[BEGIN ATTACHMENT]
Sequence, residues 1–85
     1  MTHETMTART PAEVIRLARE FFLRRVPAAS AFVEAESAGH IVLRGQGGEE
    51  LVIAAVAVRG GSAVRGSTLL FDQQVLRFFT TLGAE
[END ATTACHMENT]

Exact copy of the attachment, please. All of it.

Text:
Sequence, residues 1–85
     1  MTHETMTART PAEVIRLARE FFLRRVPAAS AFVEAESAGH IVLRGQGGEE
    51  LVIAAVAVRG GSAVRGSTLL FDQQVLRFFT TLGAE